That might sound like a stupid question because of how obviously Jim Schwartz’s job is in extreme danger. In fact, if the Detroit Lions lose against the Minnesota Vikings he might not even get on the lake-jumper plane that takes him back to his very temporary Detroit home. The coach, no matter what team or what sport, gets blamed whenever a team with potential on paper has multiple subpar seasons. I mean really a lot of coaches get fired much quicker than The Schwartz, whether they have the kind of contract he has or not. There have been countless cases where the coach has been fired too quickly and blamed for what is really a players problem on the team. So it’s important the Lions take the extra second to consider what really went wrong this season.
Everyone, including myself, gripes about the undisciplined nature of the Lions this season. Really it seems like over a decade of undisciplined football. It’s hard not to blame that on coaching. None of the coaches who worked for the Lions in the past forever have had any success after the Lions. So what does that mean? Does their reputation get so destroyed after muddling the Lions further into the ground that they can’t make a decent comeback? Or is there something about the Lions front office that causes players to feel like they can be stupid and keep a job? On the other hand, is it possible the Lions have just had an endless string of undisciplined players for thirty years?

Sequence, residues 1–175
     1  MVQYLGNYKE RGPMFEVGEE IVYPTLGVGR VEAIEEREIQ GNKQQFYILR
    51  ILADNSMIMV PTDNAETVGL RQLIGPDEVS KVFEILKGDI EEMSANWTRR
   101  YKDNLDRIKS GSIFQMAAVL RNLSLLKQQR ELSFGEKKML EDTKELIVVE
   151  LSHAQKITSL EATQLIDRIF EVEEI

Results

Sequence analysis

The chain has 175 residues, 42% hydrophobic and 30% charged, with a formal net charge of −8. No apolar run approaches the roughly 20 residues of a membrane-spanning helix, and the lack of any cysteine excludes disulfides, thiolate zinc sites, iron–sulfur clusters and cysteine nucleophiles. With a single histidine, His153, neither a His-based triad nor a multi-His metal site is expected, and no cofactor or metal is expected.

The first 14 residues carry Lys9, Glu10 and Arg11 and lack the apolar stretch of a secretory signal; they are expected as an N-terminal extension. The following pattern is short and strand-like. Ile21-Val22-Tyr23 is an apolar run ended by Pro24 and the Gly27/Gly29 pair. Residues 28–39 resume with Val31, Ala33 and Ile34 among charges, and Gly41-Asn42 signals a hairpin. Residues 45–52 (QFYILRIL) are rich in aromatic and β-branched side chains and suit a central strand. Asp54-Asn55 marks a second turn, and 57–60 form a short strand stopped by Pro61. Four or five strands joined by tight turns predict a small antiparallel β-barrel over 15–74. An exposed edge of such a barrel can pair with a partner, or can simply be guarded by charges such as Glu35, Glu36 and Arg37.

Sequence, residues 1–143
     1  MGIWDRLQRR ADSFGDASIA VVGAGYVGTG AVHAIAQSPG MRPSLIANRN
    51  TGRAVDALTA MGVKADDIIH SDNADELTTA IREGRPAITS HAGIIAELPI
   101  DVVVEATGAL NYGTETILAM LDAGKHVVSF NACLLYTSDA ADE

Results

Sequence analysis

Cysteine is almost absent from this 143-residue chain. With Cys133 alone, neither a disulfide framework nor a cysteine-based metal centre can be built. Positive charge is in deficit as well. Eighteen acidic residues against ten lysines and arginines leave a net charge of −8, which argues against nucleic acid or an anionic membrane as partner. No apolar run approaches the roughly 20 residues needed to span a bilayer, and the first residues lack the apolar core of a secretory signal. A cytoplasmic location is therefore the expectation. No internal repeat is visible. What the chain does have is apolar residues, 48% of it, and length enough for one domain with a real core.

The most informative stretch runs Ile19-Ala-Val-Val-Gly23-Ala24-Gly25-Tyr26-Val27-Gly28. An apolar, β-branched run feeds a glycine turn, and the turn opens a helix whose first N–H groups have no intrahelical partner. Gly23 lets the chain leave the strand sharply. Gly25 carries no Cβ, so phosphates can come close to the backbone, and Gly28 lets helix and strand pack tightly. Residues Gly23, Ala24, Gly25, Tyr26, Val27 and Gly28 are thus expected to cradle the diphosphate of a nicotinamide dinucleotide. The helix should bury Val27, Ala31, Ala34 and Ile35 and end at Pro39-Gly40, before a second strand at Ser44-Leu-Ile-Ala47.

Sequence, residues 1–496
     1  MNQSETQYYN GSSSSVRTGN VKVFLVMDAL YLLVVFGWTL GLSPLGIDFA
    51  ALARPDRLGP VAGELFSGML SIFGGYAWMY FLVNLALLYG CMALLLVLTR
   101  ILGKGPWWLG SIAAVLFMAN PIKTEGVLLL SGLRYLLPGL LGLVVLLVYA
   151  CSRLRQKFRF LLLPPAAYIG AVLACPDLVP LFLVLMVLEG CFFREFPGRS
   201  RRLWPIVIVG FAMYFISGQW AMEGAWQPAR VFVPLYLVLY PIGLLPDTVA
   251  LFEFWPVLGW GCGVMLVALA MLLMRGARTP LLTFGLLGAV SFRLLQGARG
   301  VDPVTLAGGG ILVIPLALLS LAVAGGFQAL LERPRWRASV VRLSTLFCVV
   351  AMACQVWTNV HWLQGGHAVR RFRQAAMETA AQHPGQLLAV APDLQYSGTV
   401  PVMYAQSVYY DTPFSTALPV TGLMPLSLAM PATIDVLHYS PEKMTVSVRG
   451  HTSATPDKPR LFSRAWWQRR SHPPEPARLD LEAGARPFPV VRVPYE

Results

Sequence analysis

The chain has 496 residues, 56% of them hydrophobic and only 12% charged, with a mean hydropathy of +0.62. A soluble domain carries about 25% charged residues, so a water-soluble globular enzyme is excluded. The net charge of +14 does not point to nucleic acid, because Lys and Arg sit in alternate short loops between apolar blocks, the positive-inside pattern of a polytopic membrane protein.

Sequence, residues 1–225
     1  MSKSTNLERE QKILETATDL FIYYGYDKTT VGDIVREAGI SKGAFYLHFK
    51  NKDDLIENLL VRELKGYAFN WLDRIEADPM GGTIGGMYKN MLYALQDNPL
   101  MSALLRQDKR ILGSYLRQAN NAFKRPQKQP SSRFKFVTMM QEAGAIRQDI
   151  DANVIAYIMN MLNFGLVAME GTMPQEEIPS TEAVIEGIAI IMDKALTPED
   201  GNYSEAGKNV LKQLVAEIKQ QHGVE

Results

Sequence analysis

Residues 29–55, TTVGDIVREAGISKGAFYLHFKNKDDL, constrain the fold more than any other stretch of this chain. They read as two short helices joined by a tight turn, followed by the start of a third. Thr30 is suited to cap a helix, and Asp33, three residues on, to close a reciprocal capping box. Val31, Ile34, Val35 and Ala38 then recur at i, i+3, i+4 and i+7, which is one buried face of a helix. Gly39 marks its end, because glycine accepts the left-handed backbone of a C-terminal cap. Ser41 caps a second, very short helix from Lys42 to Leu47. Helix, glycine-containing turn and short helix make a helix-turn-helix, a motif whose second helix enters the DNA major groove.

In short, it has to be coaching. Even if the Lions have somehow opened up a strange wormhole that teleports discipline-challenged players to the field, a decent coach should be able to handle that. As far as the inept offense that should be racking up 35 points a game, that’s likely on coordinator Scott Linehan. To be honest, he is almost more likely to be fired than Schwartz. If the Lions somehow don’t fire Schwartz, they still might give Linehan a one-way bus ticket to North Carolina. I hear Duke is looking for an offensive coordinator that can make sure they get back to their usual mediocrity in the ACC. On the defensive side, Schwartz came in an experienced defensive coordinator, so the blame will go to him for sure.
So what do the players want? For the most part, they continue to support Schwartz, and maybe for good reason. He does seem very loyal to his players. When the crowd booed before overtime against the New York Giants, Schwartz looked to show visible disdain towards the crowd and may have even shouted an obscenity depending on your lip-reading interpretation. He continues to let the players deal with their own issues and doesn’t really get on their case that much when a mistake is made. Of course the players like that stuff. However, maybe they don’t need a loyal buddy; maybe they need a head coach.